California Court of Appeals, Fourth District, Third Division
Original proceedings; petition for a writ of mandate to challenge an order of the Superior Court of Orange County, No. 14FL000058 Debra C. Carrillo, Judge.
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Law Offices of Marjorie G. Fuller and Marjorie G. Fuller for Petitioner.
No appearance for Respondent.
Hagan & Associates, Cara J. Hagan and Shannon C. Williams for Real Party in Interest.
We issue a peremptory writ in the first instance because respondent court erroneously issued a modification order changing custody to the noncustodial parent, thereby requiring the minor children to move in the middle of the school year from their California home to the noncustodial parent’s home in
Alabama. Respondent court abused its discretion by failing to consider the relevant factors, including the children’s existing educational, physical, emotional and familial relationships with the custodial parent, and whether an out-of-state move-away would detrimentally affect their interests in continuity and stability.
Statement of Facts and Procedural History
Petitioner Jane J. (Mother) and real party in interest Christopher J. (Father) are the parents of two boys, an older son, born in the fall of 2002, and a younger boy, born in January 2006.
The couple separated in 2006 and divorced in October 2009. At the time of the divorce, Mother lived in Wisconsin, with the two children. Father was an active duty pilot in the military, stationed in Hawaii.
Mother and Father agreed to a marital settlement, which was approved by a Wisconsin family court commissioner. The parents agreed to joint legal custody, but because of the family’s “unique” situation, Mother was given 92 percent primary physical custody, with Father having 8 percent physical custody.
The agreement specifically recited that Father’s military duties in Hawaii made “visitations with the boys limited and difficult, ” stressing the need “to exercise flexibility as much as we are able.” “If [Father] has an opportunity to spend more time with the boys, it is encouraged. [Mother] will be as flexible as she is able at the time of the occurrence(s) enabling [Father] to spend more time with the boys.”
The marital settlement agreement was signed by the Wisconsin family court commissioner and filed with the La Crosse County circuit court on October 22, 2009. As subsequently recited by the Wisconsin family court commissioner, “[t]he Parenting Plan was Father’s plan and was signed by Mother.”
Following the dissolution, Father was deployed in a medevac unit in Iraq and Afghanistan. Father’s military assignments, including the three deployments to active military duty in the Middle East, “made it difficult for me to have the boys for their full summer breaks and only allowed me to have them when I was on vacation.” Time differences and Father’s military schedule combined to hamper his ability even to directly communicate with them.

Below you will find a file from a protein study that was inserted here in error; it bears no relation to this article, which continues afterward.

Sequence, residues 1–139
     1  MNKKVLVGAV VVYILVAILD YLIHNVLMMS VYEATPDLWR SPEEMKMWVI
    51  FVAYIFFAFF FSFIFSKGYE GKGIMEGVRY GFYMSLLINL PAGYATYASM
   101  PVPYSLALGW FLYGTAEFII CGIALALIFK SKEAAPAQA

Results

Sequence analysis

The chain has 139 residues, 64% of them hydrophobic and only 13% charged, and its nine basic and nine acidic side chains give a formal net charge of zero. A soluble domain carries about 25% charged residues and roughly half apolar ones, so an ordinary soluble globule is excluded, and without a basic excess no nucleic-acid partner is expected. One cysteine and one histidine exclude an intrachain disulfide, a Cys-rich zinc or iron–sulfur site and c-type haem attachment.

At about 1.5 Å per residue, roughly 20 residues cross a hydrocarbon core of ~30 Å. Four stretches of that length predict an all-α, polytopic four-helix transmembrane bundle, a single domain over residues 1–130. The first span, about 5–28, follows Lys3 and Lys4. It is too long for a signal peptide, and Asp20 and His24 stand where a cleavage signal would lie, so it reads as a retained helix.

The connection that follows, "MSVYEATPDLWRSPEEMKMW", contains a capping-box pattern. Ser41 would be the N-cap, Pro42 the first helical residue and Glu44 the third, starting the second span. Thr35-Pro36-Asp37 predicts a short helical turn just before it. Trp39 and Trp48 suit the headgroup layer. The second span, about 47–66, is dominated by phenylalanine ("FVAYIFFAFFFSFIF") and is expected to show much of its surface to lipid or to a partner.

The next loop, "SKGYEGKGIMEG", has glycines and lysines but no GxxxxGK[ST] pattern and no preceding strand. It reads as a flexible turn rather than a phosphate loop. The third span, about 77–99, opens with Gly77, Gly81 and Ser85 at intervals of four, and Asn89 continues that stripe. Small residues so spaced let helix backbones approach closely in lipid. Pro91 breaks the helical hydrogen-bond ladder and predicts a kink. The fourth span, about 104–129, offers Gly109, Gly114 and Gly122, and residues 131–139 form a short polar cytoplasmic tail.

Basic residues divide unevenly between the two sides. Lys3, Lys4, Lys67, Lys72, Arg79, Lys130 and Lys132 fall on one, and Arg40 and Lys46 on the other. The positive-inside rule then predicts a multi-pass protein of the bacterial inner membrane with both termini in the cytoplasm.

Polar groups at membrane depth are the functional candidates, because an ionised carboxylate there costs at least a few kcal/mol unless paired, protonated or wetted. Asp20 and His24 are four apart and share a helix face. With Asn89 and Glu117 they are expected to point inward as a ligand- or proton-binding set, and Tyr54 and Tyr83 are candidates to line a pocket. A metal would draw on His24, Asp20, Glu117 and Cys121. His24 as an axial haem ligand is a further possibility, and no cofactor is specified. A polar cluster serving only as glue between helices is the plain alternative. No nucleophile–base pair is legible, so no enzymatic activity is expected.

In 2012, Mother and the children moved from Wisconsin to Orange County, where Mother was living with her fiancé. The Wisconsin court held a hearing and approved Mother’s move-away.
Father returned to the United States and received transfer orders to Fort Rucker in Alabama. Newly remarried, he relocated there in December 2013.
In January 2014, Father registered the October 2009 Wisconsin custody order in California. In April 2014, he filed a request for order (RFO) to modify the 2009 Wisconsin custody order, either to increase visitation, or to give him primary physical custody over the boys. He also sought to modify the support amounts.
Mother opposed Father’s RFO. She highlighted her “serious disagreements” with him concerning the children’s future medical treatment and exact custody schedule, but asserted that she “does not have an issue working with [Father] regarding child custody and visitation.”
The parties stipulated for Father to have summer visitation with the children on two separate occasions in the summer of 2014, and to enroll in Family Wizard for e-mail communication, and to attend mediation to work out a visitation schedule for the holidays. According to Father, he spent a total of 57 days during calendar year 2014 in visitation with the children.
On October 28, 2014, respondent court held an afternoon session on Father’s RFO. The court considered Father’s request to reduce child support, leaving “for another day” “the issues of crossed accusations about whether [Mother] blocked [Father] from seeing the children [and] whether [Father] has given the proper attention to following through on the medical needs.” Respondent court entered a support order and continued the hearing until February 11, 2015.
Although the parties agreed to share the costs for an Evidence Code section 730 evaluator to make recommendations regarding the children’s best ...